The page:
Mariken Kramer, I hide myself within my flower

JTF (just the facts): Published in 2023 by Multipress (here). Softcover (17 x 23.5 cm), 70 pages, with 20 color photographs. Includes an essay (in multiple parts) by the artist. Design by Kaja Krakowian and Petri Henriksson at Blank Blank. In an edition of 300 copies, each numbered and signed. (Cover and spread shots below.)

Comments/Context: The Norwegian artist Mariken Kramer’s work focuses on “structural and social aspects of the human condition, investigating how we perceive, interact, categorize and tell our stories.” Her earlier photobook The Eyes That Fix You In a Formulated Phrase was shortlisted for the 2018 Paris Photo Aperture Photobook Award and used slides taken by her father in the 1970s as a reflection of her own life and memory. In her new photobook I hide myself within my flower, she brings together photographs of flowers picked around her family mountain farm (located near the lake Møsvatn) and her own expressive writings and reminiscences. Together, they share a larger story of the artist’s mother, including the final months of her life and the vigil at her deathbed.

The book was published by Multipress, an Oslo-based non-profit publisher with an emphasis on photography and a collaborative approach to the book making process. The title of the book is borrowed from the first stanza of an 1859 poem with the same title by Emily Dickinson. The book is hosted inside the cover with overlapping flaps, and is constructed with handmade paper made with the flowers depicted in the book (as well as crushed pebbles from creeks and riverbanks, bits of birch bark and reindeer skin, all from the farm). The title of the book, not immediately visible since it isn’t inked, is embossed on the cover, and the book itself has an open spine and feels delicate and special. All of the photographs are placed on the right side of the spreads, and a couple of fold outs add movement to the overall visual flow. The text is printed on colored paper, with Norwegian on brown and English on a rich grass green. The overall design and references resemble those used in botanical books and herbariums.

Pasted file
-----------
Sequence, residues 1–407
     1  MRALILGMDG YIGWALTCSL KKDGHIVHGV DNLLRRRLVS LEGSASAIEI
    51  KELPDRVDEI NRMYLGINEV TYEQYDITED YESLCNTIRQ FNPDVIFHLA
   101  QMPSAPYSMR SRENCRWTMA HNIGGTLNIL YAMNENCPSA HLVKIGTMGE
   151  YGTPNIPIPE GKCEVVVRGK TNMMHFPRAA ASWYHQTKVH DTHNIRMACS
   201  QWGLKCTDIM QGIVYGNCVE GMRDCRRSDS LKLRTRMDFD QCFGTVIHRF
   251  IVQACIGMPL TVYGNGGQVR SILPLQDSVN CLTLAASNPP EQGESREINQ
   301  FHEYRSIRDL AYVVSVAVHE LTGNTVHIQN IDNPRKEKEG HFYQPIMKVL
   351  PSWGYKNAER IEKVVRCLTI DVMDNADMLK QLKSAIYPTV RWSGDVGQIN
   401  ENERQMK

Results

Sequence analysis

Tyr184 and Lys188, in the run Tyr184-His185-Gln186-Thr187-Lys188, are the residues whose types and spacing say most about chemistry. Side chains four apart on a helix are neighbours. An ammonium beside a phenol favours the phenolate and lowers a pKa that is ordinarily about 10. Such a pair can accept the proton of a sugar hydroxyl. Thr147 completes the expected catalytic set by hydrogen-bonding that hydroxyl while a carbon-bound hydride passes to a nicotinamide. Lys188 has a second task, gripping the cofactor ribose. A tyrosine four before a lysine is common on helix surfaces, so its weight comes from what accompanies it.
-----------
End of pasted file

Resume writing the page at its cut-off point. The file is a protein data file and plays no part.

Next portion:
The photobook begins with a simple page that contains the title in Norwegian, placed at the very top, with the artist’s name at the bottom. This is followed by a list of all the flowers included in the book. The first photograph shows a hand holding a plant shot against a bluish, slightly blurred, background. This is antennaria dioica, or mountain everlasting, a flower most often found in the mountainous parts of Europe. Other flowers are photographed in a similar way, and usually are held by a family member, creating an intimate feeling of connection to the family farm. Kramer’s writing appears closer to the end of the book and connects back to each flower; just like photographs, each paragraph is numbered and bears the name of the plants depicted.

In another image, a weathered working hand with a bandage holds a bouquet of white cottongrass flowers, a fluffy mass of cotton-like fibers. In her associated text, Kramer recalls the day the doctor told her family that her mother was not going to survive. “A fear that now mixes with my realization that you are actually going to die. My sobs are furry cotton grass, clogging my throat.”

A couple of pages later, a child holds red clover flowers against a blue background of her or his sweater. This shot visualizes memories from Kramer’s childhood. “You taught me how to pluck the small flowers of the red clover and suck on them. Sweet nectar that bumblebees love, on our tongues.”

The book is a record of Kramer’s own grieving process after the loss of her mother. The book ends with a fold out photograph of antennaria dioica once again, this time placed on a rumpled surface, making a full circle with the initial image, like an accepting moment of peace and quiet. “Like the porcelain wrapped in newspaper in the attic. Cold, hard and smooth. Your forehead. I rest mine against yours and I am prepared, I am prepared that you are not here anymore.” 

I hide myself within my flower brings to mind the photobook Un montón de ropa (reviewed here) by the Argentinian photographer Lujan Agusti, who used her mother’s clothes to reflect on their relationship and to consider her own memories. Both books share a universal and timeless conversation about family and relationships, and the cathartic power of photography in dealing with loss, memories, and family stories. 

The physicality of this book, in its choices of paper stock, color, and smell, comes together in a sensuously tactile experience. As a photobook, I hide myself within my flower is beautifully produced and elegantly designed. Kramer deals with a very personal and sensitive moment in her life, turning to photography to restore a lost sense of balance. And while the book is rooted in pain and loss, it is also full of love and life. There is a sense of meditative optimism found in the ongoing cycle of flowers, and the natural regeneration of life. 

Collector’s POV: Mariken Kramer does not appear to have consistent gallery representation at this time. As a result, interested collectors should likely follow up directly with the artist via her website (linked in the sidebar).

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